What is your method of measuring Product/Market fit?
Fixing mobile games discovery
I'm working on a free consumer-oriented platform, so I measure Product/Market fit based on a mix of: - Total users (and user growth) - User retention (how often do the same users come back) - Feedback (what do users say about my product in App Store reviews etc.) For a B2B SaaS tool, Product/Market fit could look at the same + conversion rates (assuming it's a paid product) and churn (assuming it's subscription-based).
I’ll tell you something you probably know already: most companies still think that measuring product-market fit means sending a simple NPS survey. NPS stands for Net Promoter Score - A metric that measures customer satisfaction and helps you understand how close you are in satisfying your customers or users. omegle chatrandom
Marketing, Behavioural economics, Nocode
It is actually a somewhat tricky question. Do you think of PMF in terms of "yes"/"No": either you have it, or not? Or do you define a "quality of the PFM": how much of it you really have? It's all very context-oriented. If you're building a global-wide service and looking for VC money, you should show more than a dozen of users and some good feedback advice. If you're not raising, you probably can ignore it all and focus on profitability. If your product is profitable, there's a market for it and it fits. To some extent, PMF is more a physiological dimension. I know some YC founders who grew their company to 7 figures in ARR (valuation $35M) and they still don't believe they have a PMF. They say it's easy to measure PMF - if customers are ripping product from you hands, it's a fit. Everything else is not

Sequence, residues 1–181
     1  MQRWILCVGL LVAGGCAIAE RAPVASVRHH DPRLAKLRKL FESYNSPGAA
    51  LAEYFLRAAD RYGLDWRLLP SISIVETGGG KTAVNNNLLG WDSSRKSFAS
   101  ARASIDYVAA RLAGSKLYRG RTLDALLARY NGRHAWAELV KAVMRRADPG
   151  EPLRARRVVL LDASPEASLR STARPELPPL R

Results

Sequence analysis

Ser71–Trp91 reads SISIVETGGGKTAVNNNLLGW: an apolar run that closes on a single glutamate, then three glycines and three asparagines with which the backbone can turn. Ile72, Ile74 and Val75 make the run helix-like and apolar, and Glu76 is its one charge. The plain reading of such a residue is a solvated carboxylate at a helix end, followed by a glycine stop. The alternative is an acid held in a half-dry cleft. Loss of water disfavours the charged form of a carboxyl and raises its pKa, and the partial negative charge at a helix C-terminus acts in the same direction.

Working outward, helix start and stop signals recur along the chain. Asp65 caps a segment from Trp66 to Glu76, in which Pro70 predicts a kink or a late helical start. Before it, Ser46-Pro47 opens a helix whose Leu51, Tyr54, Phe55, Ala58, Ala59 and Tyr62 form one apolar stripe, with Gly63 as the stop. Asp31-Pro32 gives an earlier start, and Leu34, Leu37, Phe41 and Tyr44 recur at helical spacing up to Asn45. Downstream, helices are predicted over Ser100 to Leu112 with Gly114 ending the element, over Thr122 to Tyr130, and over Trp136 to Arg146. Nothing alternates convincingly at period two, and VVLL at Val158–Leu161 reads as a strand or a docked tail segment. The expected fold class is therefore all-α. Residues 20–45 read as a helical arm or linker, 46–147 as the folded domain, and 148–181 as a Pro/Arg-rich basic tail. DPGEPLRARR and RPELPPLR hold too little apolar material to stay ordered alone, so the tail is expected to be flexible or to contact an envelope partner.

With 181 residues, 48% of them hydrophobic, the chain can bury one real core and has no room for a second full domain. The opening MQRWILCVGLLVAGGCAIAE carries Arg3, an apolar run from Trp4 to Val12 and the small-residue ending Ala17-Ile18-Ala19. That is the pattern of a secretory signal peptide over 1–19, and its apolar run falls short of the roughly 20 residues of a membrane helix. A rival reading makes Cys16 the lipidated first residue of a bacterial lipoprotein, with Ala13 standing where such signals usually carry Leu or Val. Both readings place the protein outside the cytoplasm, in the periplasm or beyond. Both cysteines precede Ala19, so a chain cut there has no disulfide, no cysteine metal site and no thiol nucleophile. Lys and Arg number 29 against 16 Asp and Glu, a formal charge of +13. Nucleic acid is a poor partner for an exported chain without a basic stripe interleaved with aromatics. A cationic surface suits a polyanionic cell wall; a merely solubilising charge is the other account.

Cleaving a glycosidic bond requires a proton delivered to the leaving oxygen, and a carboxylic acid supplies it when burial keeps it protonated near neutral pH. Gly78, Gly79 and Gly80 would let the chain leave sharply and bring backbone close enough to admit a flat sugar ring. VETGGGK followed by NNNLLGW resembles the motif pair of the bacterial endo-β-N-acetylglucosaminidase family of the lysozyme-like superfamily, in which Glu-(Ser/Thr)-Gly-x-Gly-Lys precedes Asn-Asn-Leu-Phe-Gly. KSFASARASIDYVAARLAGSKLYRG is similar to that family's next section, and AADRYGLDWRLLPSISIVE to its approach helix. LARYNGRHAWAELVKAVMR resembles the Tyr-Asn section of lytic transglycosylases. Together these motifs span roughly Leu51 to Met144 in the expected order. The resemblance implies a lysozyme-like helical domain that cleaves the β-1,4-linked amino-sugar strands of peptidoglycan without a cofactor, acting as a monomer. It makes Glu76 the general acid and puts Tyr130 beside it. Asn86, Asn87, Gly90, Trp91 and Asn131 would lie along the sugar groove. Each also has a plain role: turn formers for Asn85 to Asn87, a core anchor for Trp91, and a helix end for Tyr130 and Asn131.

Founder of v1Labs
There isn't one clear definition of PMF. You could look at the total value of a customer (LTV) vs the total cost (CAC + tech support + CS + infra + whatever else...). Once the value exceeds the cost, you could declare PMF. This approach could be valid for some businesses and meaningless for others. But I'd tend to think this approach is too conservative of a measure because it equally weighs the existing value vs the existing cost. I think it's more important to be forward thinking here. What you're really asking yourself is this... Is our product valuable enough today that we could optimize our expenses and be comfortably profitable? If the answer is no, then forget about optimizing expenses and continue hammering away at the product. If the answer is yes, then start ramping up efforts to acquire customers while you start optimizing.
FullStack - Founder - Indiehacker
Retention rate mainly, and if our users recommend the app to other people. In 1 month we did not promote or share our app in any way, and we got 100 new users. That probably means that people talk about it to other people. Maybe not. I think the most accurate way of measuring PMF is, does anyone use the app again and again? If so, is the number of people who use it again and again big enough?